Chapter IV.

HELM. Neither the master nor mates of a merchant vessel ever take the helm. The proper helmsmen are the able and ordinary seamen. Sometimes the carpenter, sailmaker, &c.. if they are seamen, are put at the helm; also the boys, in light winds, for practice. Each watch steers the ship in its turn, and the watch on deck must supply the helmsman, even when all hands are called. Each man stands at the helm two hours, which is called his trick. Thus, there are two tricks in a watch. Sometimes, in very cold weather, the tricks are reduced to one hour; and, if the ship steers badly, in a gale of wind, two men are sent to the wheel at once. In this case, the man who stands on the weather side of the wheel is the responsible helmsman, the man at the lee wheel merely assisting him by heaving the wheel when necessary.

The men in the watch usually arrange their tricks among themselves, the officers being satisfied if there is always a man ready to take the wheel at the proper time. In steering, the helmsman stands on the weather side of a wheel and on the lee side of a tiller. But when steering by tiller-ropes with no hitch round the tiller-head, or with a tackle, as in a heavy gale and bad sea, when it is necessary to ease the helm a good deal, it is better to stand up to windward and steer by the parts of the tackle or tiller-ropes.

In relieving the wheel, the man should come aft on the lee side of the quarter-deck, (as indeed he always should unless his duty lies to windward,) go to the wheel behind the helmsman and take hold of the spokes, so as to have the wheel in command when the other lets go. Before letting go, the helmsman should give the course to the man that relieves him in a an audible voice, and the new man should repeat it aloud just as it was given, so as to make it sure that he has heard correctly. This is especially necessary, since the points and half points are so much alike that a mistake easily be made. It is the duty of the officer of the watch to be present when the wheel is relieved, in order to see that the course is correctly reported and understood; which is another reason why the course should be spoken by both in a loud tome. It is unseamanlike and reprehensible to answer, "Ay, ay!" or, "I understand," or the like, instead of repeating the course.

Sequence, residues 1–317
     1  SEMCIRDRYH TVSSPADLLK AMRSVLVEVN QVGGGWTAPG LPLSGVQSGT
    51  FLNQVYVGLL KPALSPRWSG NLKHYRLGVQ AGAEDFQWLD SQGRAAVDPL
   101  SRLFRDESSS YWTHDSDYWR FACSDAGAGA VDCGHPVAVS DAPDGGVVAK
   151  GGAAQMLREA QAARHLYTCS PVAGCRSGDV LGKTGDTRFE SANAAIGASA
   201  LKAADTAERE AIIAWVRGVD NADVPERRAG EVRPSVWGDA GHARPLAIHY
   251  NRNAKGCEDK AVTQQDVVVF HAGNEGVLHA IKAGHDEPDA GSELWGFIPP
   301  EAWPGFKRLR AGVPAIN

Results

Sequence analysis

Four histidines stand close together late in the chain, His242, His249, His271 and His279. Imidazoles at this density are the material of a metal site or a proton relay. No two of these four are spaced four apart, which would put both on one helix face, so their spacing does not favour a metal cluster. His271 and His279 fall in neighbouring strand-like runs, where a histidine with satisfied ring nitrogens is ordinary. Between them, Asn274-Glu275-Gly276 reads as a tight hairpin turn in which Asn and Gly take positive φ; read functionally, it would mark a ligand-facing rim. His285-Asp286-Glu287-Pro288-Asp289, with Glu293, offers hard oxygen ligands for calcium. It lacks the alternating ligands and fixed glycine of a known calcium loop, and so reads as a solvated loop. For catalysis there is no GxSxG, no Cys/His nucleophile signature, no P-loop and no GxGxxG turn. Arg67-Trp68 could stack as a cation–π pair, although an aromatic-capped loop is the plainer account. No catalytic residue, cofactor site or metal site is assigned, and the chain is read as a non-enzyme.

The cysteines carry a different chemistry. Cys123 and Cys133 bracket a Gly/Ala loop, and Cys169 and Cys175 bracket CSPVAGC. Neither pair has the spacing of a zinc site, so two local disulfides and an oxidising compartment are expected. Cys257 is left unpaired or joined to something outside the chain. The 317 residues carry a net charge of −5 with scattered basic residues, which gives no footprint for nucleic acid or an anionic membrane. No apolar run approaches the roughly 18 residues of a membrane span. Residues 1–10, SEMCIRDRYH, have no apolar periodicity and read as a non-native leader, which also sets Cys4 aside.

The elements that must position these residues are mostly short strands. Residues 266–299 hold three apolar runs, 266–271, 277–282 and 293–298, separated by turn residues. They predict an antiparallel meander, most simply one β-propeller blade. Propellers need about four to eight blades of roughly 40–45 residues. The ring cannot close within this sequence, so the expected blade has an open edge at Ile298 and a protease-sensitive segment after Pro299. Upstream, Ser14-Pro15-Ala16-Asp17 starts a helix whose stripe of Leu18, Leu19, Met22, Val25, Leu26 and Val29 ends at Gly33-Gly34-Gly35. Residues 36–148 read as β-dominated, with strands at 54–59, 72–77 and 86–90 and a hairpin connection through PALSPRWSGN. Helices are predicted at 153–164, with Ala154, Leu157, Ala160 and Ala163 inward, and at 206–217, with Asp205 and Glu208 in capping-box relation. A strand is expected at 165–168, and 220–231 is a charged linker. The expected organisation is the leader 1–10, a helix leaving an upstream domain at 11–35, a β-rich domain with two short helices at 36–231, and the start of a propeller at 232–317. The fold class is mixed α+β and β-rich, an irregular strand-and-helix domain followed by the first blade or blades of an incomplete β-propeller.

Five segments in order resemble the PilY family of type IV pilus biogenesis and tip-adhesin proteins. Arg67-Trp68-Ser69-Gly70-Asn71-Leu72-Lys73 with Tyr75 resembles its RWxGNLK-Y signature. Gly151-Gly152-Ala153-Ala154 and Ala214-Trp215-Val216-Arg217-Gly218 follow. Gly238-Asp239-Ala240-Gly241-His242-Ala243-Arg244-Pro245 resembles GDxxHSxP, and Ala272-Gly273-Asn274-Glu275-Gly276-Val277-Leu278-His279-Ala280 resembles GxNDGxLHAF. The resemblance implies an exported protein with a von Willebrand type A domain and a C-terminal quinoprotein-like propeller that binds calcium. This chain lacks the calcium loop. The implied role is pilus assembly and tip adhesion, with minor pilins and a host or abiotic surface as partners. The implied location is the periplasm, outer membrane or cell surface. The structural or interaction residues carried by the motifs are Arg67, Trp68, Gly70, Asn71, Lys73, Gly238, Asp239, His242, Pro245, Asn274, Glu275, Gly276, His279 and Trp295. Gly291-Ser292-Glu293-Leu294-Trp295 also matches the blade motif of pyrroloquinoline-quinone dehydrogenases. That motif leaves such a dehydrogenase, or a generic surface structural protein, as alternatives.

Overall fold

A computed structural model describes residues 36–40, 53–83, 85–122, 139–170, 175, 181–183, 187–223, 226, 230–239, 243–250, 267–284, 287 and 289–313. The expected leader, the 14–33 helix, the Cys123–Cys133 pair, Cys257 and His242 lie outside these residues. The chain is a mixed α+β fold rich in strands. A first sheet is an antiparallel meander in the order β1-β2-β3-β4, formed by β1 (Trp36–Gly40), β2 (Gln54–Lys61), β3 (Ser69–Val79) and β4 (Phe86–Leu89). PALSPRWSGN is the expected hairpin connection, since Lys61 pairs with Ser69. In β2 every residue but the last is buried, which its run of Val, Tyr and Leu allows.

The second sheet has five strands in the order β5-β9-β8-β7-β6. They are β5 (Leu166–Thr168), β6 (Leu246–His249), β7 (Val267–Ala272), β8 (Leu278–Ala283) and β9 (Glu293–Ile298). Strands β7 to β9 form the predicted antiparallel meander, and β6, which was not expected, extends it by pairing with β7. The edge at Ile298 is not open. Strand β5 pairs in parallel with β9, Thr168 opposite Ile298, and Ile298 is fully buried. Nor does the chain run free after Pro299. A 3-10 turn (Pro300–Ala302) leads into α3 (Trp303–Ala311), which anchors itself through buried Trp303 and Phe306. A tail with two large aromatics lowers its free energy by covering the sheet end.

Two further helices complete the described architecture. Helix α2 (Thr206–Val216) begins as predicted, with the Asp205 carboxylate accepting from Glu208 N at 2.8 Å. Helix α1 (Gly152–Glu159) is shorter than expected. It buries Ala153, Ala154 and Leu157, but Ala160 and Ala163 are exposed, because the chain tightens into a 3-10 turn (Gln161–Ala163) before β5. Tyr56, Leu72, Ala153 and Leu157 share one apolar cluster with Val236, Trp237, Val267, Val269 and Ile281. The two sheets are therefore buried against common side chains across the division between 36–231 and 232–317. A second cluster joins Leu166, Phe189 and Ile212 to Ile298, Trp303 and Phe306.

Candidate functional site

If a vessel is sailing close-hauled and does not lay her course, the order is, "Full and by!" which means, by the wind, yet all full. If a vessel lays her course, the order then is her course, as N.W. by W., E. by S., and the like.

When a man is at the wheel, he has nothing else to attend to but steering the ship, and no conversation should be allowed with him. If he wishes to be relieved during his trick, it should not be done without the permission of the officer, and the same form of giving and repeating the course should be gone through, though he is to be absent from the helm but a minute or two.

If an order is given to the man at the wheel as to his steering, he should always repeat the order, distinctly, that the officer may be sure he is understood. For instance, if the order is a new course, or, "Keep her off a point!" "Luff a little!" "Ease her!" "Meet her!" or the like, the man should answer by repeating the course or the order, as, "Luff a little, sir," "Meet her, sir," &c., and should not answer, "Ay, ay, sir!" or simply execute the order as he understands it. This practice of repeating every, even the most minute order at the wheel, is well understood among seamen, and a failure or refusal to do so is an offence sometimes leading to disagreeable results.

If, when the watch is out and the other watch has been called, all hands are detained for any purpose, as, to reef a topsail, to set studdingsails, or the like, the helm should not be relieved until the work is done and the watch ready to go below.

Dana: The Seaman's Friend (1845), p 169-171.

Transcribed by Lars Bruzelius

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Copyright © 1998 Lars Bruzelius.